Support is requested for a multidisciplinary predoctoral training program in Quantitative Biomedical Sciences (QBS) at Dartmouth College. The QBS program was founded in 2010 to provide cross-training in quantitative, computational and biomedical sciences to prepare students for a new research landscape that is increasingly characterized by complex problems, big data and multidisciplinary teams. The QBS program spans the entire Dartmouth College campus including faculty from the Schools of Arts and Sciences, Business, Engineering and Medicine. QBS admits 6-8 students per year from different backgrounds including computer science, mathematics, biology, chemistry, and engineering. These students are selected from a highly qualified national and international pool of candidates that are rich in both ethnic and racial diversity. As part of the proposed T32 training program, we will select two highly qualified predoctoral students each year for two years of support based on academic qualifications and a dissertation project that will focus on big data. The predoctoral trainees will complete an eight course core curriculum that will include two courses in computer science or data science, two courses in bioinformatics, two courses in biostatistics, two courses in epidemiology and a two course sequence in integrative biomedical sciences that exposes students to interdisciplinary research and that culminates in a collaborative big data class project. Students in this program take two elective courses, one term of teaching, journal clubs and seminars, training in responsible conduct of research, a written and oral qualifier exam, a yearly research in progress seminar, and the completion of a significant research project that forms the foundation of the written dissertation that is orally defended. Faculty trainers include QBS and computer science faculty that have extramural funding, a strong track record of graduate training experience, a strong track record of big data research and a commitment to participating in the activities necessary for successful predoctoral training. Research areas of the faculty include bioinformatics, biostatistics, computer science, computational biology, genomics, and epidemiology. It is our vision that the next generation of big data researchers need multiple skills and expertise from areas such as bioinformatics, biostatistics, computer science and epidemiology to bring together teams of researchers.

Public Health Relevance

Support is requested for a multidisciplinary predoctoral training program in Quantitative Biomedical Sciences (QBS) at Dartmouth College. It is our vision that the next generation of big data researchers need multiple skills and expertise from areas such as bioinformatics, biostatistics, and epidemiology to bring together teams of researchers from diverse fields to tackle the most challenging problems in biomedicine.

Agency
National Institute of Health (NIH)
Institute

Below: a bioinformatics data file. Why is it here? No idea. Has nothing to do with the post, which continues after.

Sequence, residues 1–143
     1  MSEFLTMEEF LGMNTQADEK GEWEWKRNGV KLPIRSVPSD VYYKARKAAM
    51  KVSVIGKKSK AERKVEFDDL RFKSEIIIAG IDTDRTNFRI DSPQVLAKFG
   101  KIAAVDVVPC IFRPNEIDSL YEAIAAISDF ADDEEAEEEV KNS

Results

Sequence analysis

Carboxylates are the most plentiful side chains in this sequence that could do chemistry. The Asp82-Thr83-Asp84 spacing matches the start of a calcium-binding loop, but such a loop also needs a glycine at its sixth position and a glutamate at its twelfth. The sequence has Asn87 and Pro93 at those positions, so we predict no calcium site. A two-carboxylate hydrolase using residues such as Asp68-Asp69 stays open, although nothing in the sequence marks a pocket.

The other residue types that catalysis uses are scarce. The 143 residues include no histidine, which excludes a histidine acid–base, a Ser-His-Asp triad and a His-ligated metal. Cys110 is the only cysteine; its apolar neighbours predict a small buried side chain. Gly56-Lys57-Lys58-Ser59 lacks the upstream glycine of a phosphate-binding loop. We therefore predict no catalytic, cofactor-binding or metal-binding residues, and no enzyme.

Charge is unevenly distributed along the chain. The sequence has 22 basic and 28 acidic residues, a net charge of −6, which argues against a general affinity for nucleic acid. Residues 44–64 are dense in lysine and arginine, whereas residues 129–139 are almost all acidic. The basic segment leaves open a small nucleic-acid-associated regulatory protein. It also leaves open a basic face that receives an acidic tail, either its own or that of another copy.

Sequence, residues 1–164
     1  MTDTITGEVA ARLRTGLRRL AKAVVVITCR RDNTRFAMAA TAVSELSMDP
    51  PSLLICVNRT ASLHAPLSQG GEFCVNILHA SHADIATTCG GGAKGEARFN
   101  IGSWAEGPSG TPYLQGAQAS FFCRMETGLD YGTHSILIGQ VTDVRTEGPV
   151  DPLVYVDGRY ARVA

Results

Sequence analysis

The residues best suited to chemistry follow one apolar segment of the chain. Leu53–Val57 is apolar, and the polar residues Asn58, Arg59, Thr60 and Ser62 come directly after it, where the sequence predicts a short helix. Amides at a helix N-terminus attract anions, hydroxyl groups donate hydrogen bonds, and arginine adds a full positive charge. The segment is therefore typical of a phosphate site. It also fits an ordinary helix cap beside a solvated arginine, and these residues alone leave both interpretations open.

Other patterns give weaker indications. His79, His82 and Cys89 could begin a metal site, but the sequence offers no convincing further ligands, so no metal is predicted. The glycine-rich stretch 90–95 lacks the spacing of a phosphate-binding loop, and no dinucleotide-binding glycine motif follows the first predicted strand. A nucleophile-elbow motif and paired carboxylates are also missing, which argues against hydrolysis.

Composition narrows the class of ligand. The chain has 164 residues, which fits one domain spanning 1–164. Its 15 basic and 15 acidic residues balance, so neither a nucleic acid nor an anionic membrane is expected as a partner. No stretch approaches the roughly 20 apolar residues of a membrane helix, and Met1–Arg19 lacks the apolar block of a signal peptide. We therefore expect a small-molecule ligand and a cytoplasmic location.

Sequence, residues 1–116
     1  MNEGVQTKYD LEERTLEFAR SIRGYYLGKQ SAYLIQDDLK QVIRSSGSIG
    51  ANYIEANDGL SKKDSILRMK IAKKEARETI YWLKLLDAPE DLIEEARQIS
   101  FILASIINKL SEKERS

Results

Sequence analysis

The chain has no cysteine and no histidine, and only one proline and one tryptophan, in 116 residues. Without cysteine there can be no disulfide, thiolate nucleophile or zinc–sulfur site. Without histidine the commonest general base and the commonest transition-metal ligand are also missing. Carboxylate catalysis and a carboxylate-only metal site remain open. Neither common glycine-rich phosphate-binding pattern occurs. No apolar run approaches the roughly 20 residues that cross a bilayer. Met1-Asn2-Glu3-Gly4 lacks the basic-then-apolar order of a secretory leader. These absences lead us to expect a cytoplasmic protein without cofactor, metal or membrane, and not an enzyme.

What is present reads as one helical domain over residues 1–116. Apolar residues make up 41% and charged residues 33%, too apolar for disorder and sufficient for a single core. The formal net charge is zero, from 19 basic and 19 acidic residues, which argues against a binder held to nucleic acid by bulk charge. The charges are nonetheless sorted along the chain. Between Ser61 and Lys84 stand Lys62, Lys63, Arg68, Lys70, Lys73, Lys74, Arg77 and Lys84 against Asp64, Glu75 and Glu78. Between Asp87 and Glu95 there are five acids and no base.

National Library of Medicine (NLM)
Type
Institutional National Research Service Award (T32)
Project #
5T32LM012204-02
Application #
9248415
Study Section
Special Emphasis Panel (ZRG1-IMST-T (50)R)
Program Officer
Ye, Jane
Project Start
2016-04-01
Project End
2021-03-31
Budget Start
2017-04-01
Budget End
2018-03-31
Support Year
2
Fiscal Year
2017
Total Cost
$191,228
Indirect Cost
$9,424
Name
Dartmouth College
Department
Type
Schools of Medicine
DUNS #
041027822
City
Hanover
State
NH
Country
United States
Zip Code
03755
Rees, Christiaan A; Nasir, Mavra; Smolinska, Agnieszka et al. (2018) Detection of high-risk carbapenem-resistant Klebsiella pneumoniae and Enterobacter cloacae isolates using volatile molecular profiles. Sci Rep 8:13297
Nasir, Mavra; Bean, Heather D; Smolinska, Agnieszka et al. (2018) Volatile molecules from bronchoalveolar lavage fluid can 'rule-in' Pseudomonas aeruginosa and 'rule-out' Staphylococcus aureus infections in cystic fibrosis patients. Sci Rep 8:826
Purcaro, Giorgia; Rees, Christiaan A; Melvin, Jeffrey A et al. (2018) Volatile fingerprinting of Pseudomonas aeruginosa and respiratory syncytial virus infection in an in vitro cystic fibrosis co-infection model. J Breath Res 12:046001
Crow, Rebecca S; Lohman, Matthew C; Titus, Alexander J et al. (2018) Mortality Risk Along the Frailty Spectrum: Data from the National Health and Nutrition Examination Survey 1999 to 2004. J Am Geriatr Soc 66:496-502
Rees, Christiaan A; Burklund, Alison; Stefanuto, Pierre-Hugues et al. (2018) Comprehensive volatile metabolic fingerprinting of bacterial and fungal pathogen groups. J Breath Res 12:026001
Purcaro, Giorgia; Rees, Christiaan A; Wieland-Alter, Wendy F et al. (2018) Volatile fingerprinting of human respiratory viruses from cell culture. J Breath Res 12:026015
Brooks, J M; Titus, A J; Bruce, M L et al. (2018) Depression and Handgrip Strength Among U.S. Adults Aged 60 Years and Older from NHANES 2011-2014. J Nutr Health Aging 22:938-943
Wilkins, Owen M; Titus, Alexander J; Gui, Jiang et al. (2017) Genome-scale identification of microRNA-related SNPs associated with risk of head and neck squamous cell carcinoma. Carcinogenesis 38:986-993
Qian, David C; Molfese, David L; Jin, Jennifer L et al. (2017) Genome-wide imaging association study implicates functional activity and glial homeostasis of the caudate in smoking addiction. BMC Genomics 18:740
Titus, Alexander J; Way, Gregory P; Johnson, Kevin C et al. (2017) Deconvolution of DNA methylation identifies differentially methylated gene regions on 1p36 across breast cancer subtypes. Sci Rep 7:11594

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